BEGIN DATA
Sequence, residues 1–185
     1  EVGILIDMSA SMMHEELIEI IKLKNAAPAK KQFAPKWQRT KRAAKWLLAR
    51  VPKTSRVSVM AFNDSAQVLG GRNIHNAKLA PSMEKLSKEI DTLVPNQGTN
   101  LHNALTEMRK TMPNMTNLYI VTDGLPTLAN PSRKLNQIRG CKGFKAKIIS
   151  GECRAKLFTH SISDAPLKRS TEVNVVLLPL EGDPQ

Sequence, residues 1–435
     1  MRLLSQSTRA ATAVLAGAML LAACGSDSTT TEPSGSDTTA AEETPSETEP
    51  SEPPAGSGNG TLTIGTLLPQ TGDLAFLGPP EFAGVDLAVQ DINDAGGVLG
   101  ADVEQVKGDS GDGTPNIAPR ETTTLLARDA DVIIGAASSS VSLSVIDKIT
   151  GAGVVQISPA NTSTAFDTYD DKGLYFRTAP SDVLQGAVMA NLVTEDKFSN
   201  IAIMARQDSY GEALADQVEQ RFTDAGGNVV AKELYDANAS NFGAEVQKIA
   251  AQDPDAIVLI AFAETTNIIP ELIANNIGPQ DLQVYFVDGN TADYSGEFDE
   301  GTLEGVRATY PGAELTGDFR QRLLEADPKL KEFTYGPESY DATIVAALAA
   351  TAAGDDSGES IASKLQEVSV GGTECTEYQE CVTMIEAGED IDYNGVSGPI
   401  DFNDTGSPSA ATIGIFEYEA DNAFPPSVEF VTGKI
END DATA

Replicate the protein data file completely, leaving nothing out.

Sequence, residues 1–185
     1  EVGILIDMSA SMMHEELIEI IKLKNAAPAK KQFAPKWQRT KRAAKWLLAR
    51  VPKTSRVSVM AFNDSAQVLG GRNIHNAKLA PSMEKLSKEI DTLVPNQGTN
   101  LHNALTEMRK TMPNMTNLYI VTDGLPTLAN PSRKLNQIRG CKGFKAKIIS
   151  GECRAKLFTH SISDAPLKRS TEVNVVLLPL EGDPQ

Sequence, residues 1–435
     1  MRLLSQSTRA ATAVLAGAML LAACGSDSTT TEPSGSDTTA AEETPSETEP
    51  SEPPAGSGNG TLTIGTLLPQ TGDLAFLGPP EFAGVDLAVQ DINDAGGVLG
   101  ADVEQVKGDS GDGTPNIAPR ETTTLLARDA DVIIGAASSS VSLSVIDKIT
   151  GAGVVQISPA NTSTAFDTYD DKGLYFRTAP SDVLQGAVMA NLVTEDKFSN
   201  IAIMARQDSY GEALADQVEQ RFTDAGGNVV AKELYDANAS NFGAEVQKIA
   251  AQDPDAIVLI AFAETTNIIP ELIANNIGPQ DLQVYFVDGN TADYSGEFDE
   301  GTLEGVRATY PGAELTGDFR QRLLEADPKL KEFTYGPESY DATIVAALAA
   351  TAAGDDSGES IASKLQEVSV GGTECTEYQE CVTMIEAGED IDYNGVSGPI
   401  DFNDTGSPSA ATIGIFEYEA DNAFPPSVEF VTGKI